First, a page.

Small wonder that TV is such a popular medium for terrorist acts!
The terrorist’s strategy is calculated to force governments into an impossible dilemma. To preserve order in the face of violence, governments may be forced to restrict individual freedoms. But such restrictions can be perceived by the populace as repression, which in turn incites revolt. Yet if a government does nothing in the face of terrorist attack, fear and anarchy reign.
Thus, whether the government attacked responds by doing nothing or by restricting personal freedoms, in either case its ineffectiveness is made apparent. And the terrorist wins.
This was dramatically illustrated in the aftermath of the Achille Lauro hijacking.
In the controversy following its failure to detain Palestine Liberation Front leader Abul Abbas, the Italian government crumbled. So while the bandits failed in their announced mission to free Palestine Liberation Organization prisoners, they succeeded in another even more strategic objective, the collapse of a Western ally’s government.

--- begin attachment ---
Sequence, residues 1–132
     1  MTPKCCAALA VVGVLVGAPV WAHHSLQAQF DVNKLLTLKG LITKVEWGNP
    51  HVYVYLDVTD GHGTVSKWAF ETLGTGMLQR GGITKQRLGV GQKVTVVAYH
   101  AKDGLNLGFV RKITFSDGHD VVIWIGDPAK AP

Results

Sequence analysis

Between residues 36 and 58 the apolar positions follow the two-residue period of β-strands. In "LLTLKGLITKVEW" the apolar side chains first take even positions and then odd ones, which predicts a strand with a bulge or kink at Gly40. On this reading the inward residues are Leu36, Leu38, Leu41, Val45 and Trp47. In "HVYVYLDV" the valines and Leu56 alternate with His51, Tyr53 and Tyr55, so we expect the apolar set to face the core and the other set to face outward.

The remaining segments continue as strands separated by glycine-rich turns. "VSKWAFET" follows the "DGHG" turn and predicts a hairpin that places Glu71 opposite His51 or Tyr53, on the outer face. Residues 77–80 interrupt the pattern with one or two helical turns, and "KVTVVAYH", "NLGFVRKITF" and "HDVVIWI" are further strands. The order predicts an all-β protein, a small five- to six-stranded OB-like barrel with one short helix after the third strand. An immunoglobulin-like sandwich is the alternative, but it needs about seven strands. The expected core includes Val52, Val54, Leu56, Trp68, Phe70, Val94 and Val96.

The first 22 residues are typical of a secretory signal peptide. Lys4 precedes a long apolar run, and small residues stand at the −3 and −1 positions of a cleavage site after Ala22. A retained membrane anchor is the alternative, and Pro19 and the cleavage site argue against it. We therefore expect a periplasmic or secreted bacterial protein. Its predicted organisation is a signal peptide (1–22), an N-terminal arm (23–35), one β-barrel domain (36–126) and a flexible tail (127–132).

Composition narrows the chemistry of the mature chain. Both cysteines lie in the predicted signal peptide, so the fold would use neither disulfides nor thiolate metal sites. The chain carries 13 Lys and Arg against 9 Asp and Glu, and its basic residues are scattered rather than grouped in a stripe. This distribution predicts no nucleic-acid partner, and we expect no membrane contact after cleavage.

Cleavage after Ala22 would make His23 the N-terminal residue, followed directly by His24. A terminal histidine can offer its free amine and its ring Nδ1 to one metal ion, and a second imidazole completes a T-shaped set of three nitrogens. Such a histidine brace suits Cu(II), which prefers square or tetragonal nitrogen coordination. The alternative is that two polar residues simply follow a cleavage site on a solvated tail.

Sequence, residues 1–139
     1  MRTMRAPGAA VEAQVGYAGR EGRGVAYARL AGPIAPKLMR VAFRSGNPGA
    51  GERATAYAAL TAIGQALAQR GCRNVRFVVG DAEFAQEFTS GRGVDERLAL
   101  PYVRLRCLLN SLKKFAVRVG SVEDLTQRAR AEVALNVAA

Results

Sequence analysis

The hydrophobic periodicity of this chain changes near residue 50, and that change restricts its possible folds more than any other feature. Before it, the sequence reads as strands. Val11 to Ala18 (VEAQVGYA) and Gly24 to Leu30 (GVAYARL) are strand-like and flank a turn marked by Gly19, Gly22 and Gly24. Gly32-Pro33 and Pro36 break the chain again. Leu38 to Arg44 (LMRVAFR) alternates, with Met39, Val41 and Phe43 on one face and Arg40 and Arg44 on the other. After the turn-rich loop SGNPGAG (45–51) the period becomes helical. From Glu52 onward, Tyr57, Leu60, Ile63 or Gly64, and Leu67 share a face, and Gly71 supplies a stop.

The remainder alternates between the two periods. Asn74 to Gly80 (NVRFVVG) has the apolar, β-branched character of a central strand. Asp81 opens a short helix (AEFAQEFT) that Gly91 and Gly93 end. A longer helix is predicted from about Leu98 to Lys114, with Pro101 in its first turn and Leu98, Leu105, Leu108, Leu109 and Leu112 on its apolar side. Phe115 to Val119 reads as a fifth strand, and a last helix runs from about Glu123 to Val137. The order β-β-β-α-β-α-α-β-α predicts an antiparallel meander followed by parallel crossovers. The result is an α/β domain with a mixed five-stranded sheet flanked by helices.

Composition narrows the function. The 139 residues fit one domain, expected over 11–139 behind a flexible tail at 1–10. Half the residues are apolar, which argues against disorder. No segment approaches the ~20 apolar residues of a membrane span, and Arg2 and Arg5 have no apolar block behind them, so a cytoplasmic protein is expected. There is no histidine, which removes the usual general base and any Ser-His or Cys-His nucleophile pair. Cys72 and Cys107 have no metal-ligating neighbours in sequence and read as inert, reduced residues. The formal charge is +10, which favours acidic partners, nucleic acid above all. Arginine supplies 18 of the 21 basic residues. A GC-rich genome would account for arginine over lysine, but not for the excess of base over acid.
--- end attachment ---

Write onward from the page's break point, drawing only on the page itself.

Even military retaliation can play into this Catch-22 dilemma. As one Shiite leader boasted during the TWA crisis, “[A]nything that America carries out will make the peoples of the region anti-American and this is a basic victory for us.”
Traditional responses simply don’t work in the age of terrorism. How can we then combat its evils?
First, we must face reality: Today’s political terrorism amounts to open warfare. For the most part, these are not random acts of violence, but the actions of a well-financed network of those who, for one reason or another, want to destroy the West.
Western governments will eventually have to respond accordingly. That may mean stricter security and more effective intelligence, military force against terrorist headquarters, and crippling economic sanctions against countries that export terrorism. It can also mean offensive action, as the U.S. roundup of the Achille Lauro hijackers well demonstrates.
But actions like these raise painful ethical dilemmas for Christians.